My campus is the most beautiful place. It's like living in a castle. The buildings are stone and brick red and stained glass and you can see across the city of Austin and all the lights at night make the city look like it's lit up with fireflies.
Where am I going to go next? Should I go back to Yellowstone for the summer? Try to get a work permit for Mexico? Mission trip somewhere?
I think I'm going to stay in Austin. Or maybe I'm just saying that because I want it to be true.
I thought that when I got settled in here things would just sort of fall into place. To some extent, they have. I've got a declared major, a bunch of songs written, a few opportunities to play now and then (good for right now, anyway) and I know what I'm supposed to do with my life. But I'm still lonely, here at "home." I'm starting to believe that nowhere is ever going to be home.
Jesus has been good to me. He gave me a calling of my own and the means to obey it. He's given me loving friends and family and He's healed me many times over, mentally, emotionally, physically, spiritually. The one thing He hasn't given me is somebody to love besides Him. (And love me too.) Somebody that I'm not going to have to say goodbye to.
I'm back! (well, relatively. I'm not in my hometown; I'm in Nashville right now; but I've been reunited with technology. I have a new computer and it's fast and wonderful!)
Yellowstone was...... well, screw that. I can't sum it up in one sentence. I'll save the info for later.
Next week: On to Austin!
just a quick update:
I will not be writing another entry until late August. This is why:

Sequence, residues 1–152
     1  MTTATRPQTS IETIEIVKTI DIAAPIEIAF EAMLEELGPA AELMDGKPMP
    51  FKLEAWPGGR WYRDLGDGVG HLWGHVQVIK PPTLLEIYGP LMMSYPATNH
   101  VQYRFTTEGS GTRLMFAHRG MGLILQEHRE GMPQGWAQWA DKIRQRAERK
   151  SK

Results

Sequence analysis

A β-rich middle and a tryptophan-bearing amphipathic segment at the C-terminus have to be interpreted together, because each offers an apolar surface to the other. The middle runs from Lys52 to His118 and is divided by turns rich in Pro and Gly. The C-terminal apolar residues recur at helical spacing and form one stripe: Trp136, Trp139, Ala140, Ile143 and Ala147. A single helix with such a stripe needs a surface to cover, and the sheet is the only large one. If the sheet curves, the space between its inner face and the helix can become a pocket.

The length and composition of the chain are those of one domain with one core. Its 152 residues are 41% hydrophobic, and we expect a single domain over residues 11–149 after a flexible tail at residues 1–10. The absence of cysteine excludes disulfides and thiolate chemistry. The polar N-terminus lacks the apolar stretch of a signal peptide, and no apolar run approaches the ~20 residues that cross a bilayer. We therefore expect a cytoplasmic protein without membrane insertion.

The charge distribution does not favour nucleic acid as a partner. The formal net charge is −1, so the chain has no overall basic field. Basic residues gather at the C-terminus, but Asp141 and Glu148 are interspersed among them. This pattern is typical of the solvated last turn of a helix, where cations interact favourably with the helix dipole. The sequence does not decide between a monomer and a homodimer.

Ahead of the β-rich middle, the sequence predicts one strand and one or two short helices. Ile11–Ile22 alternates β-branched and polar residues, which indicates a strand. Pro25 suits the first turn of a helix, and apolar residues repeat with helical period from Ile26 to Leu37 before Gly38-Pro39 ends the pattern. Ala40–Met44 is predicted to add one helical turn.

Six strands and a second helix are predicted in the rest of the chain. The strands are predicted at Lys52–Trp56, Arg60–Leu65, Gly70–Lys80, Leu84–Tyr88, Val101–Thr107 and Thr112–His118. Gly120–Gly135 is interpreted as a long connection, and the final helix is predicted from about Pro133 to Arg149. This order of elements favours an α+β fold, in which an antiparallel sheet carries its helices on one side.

On May the 28th, two days after graduation, I will be boarding a plane headed for Billings, Montana. My friends who work at Yellowstone will pick me up and bring me to Yellowstone where I will work as a waitress/busser/dishwasher/serf/whatever for the rest of the summer. (I know, I know- Yellowstone Freaking National Park!!!) That is, until August 17, when I'll return to pack my college bags for, yes dear readers, Austin, TX!
I will be attending St. Edward's University and I couldn't be happier. I'll be able to get a teaching degree so I can live in Austin, or somewhere near Austin, and support myself with a real job, and I'll be able to be a singer/songwriter, and I'll hopefully be fluent in Spanish by the time I graduate which would be awesome for the teaching gig. (I'd hate to be a schoolteacher in Austin if half of my kids didn't understand a word I was saying. Oh-I probably wouldn't get hired either.)
Living in Texas, living my own life, and writing and singing my own songs is my dream. This dream may sound a little mundane, or random, or foolish, but it's mine and I can't believe it's coming true.
God loves me.
(not that, you know, if I went to auburn it would mean that He didn't love me or anything, but this... just celestial affection.)
Much to occupy the small pockets of brain space left.